The combination of general anesthesia and Thoracic epidural anesthesia (TEA) has become the technique of choice at many trusted hospitals for major abdominal surgery.
TEA reduces sympathetic activity, thereby influencing the perioperative function of vital organ systems. Thoracic epidural anaesthesia has been used widely to provide excellent pain relief, to attenuate the catabolic response to abdominal surgery.
A pancreatectomy can be performed through an open surgery technique, or it can be performed laparoscopically. The abdomen is filled with gas, usually carbon dioxide, to help the surgeon view the abdominal cavity. A camera is inserted through one of the tubes and displays images on a monitor in the operating room.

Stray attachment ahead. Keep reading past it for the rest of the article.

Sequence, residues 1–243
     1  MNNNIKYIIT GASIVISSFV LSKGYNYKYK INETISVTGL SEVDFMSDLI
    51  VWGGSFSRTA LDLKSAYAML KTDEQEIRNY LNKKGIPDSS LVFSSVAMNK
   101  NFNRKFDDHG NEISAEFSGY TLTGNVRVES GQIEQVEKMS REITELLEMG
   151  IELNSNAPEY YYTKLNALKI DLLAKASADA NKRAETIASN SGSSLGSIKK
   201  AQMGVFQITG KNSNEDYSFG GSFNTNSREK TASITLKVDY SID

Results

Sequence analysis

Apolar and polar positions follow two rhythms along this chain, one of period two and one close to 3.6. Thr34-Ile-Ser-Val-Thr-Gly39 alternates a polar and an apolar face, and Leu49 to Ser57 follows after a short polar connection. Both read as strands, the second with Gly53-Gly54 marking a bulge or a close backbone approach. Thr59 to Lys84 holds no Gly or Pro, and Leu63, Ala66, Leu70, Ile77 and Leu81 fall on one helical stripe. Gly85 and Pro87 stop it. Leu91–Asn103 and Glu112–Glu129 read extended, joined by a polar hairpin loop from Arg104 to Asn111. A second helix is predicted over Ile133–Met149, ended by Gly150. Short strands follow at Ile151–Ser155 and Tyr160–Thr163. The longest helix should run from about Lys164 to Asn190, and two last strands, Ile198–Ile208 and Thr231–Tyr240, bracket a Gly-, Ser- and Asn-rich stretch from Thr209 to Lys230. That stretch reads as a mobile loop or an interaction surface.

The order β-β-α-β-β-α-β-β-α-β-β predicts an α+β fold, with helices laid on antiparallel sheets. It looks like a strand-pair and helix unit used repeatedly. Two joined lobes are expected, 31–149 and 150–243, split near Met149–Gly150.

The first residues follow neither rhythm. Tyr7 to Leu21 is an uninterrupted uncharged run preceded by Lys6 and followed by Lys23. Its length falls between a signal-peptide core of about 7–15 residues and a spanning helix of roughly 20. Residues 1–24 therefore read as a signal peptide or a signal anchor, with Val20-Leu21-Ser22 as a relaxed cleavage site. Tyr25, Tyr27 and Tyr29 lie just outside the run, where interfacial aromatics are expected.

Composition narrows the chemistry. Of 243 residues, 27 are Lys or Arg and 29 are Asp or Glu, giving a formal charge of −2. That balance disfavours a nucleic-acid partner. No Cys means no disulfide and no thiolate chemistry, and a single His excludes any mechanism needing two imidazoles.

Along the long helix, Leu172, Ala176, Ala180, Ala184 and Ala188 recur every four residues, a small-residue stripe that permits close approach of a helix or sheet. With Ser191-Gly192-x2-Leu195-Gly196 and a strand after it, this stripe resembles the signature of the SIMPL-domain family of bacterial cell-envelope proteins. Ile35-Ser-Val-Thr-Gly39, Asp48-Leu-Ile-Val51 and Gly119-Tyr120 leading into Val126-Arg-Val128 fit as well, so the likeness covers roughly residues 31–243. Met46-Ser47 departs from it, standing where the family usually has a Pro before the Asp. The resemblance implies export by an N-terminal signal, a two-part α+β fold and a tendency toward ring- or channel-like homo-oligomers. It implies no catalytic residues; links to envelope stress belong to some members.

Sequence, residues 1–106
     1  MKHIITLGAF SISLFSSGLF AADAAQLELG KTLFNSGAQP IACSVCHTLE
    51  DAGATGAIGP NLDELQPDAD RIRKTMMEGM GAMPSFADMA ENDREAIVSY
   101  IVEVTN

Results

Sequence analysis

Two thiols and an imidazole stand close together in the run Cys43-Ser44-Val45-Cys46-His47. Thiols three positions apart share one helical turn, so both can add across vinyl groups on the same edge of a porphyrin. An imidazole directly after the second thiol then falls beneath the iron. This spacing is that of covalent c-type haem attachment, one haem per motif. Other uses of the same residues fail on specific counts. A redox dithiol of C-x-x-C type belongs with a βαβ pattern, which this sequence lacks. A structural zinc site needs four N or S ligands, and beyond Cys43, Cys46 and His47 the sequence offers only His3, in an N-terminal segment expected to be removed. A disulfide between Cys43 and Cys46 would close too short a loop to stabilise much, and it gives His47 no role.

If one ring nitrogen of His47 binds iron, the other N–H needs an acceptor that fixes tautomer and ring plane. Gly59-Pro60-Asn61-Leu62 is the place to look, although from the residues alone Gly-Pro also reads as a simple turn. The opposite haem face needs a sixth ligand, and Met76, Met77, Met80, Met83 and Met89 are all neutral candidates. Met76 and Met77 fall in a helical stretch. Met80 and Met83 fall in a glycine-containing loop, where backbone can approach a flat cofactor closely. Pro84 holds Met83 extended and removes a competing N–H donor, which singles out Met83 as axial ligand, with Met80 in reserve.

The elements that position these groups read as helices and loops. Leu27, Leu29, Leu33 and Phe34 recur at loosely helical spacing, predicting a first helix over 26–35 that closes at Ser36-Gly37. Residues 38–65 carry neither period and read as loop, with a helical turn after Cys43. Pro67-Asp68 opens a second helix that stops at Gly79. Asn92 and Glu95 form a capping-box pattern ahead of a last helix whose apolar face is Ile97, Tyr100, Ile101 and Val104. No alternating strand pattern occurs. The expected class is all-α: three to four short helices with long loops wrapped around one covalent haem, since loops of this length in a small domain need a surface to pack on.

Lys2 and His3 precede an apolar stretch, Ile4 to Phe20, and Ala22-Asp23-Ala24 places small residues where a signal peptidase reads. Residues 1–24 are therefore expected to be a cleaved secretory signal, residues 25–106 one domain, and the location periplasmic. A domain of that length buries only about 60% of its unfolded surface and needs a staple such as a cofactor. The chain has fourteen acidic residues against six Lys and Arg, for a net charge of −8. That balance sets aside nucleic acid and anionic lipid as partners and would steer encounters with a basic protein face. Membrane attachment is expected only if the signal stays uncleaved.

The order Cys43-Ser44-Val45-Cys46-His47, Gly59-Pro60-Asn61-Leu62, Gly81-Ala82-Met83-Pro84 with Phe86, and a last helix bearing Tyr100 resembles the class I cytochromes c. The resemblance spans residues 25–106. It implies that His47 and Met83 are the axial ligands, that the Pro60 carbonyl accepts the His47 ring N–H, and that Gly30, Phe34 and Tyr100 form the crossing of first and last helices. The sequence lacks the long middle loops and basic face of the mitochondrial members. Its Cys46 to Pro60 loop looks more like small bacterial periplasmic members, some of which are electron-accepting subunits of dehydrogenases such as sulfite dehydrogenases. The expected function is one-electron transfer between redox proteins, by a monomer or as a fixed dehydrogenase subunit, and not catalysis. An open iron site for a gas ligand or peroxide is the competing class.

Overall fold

If the pancreatectomy is partial, the surgeon clamps and cuts the blood vessels, and the pancreas is stapled and divided for removal. If the disease affects the splenic artery or vein, the spleen is also removed.
If the pancreatectomy is total, the surgeon removes the entire pancreas and attached organs. The procedure is started by dividing and detaching the end of the stomach, followed by removal of the pancreas along with the connected section of the small intestine, the common bile duct and the gallbladder.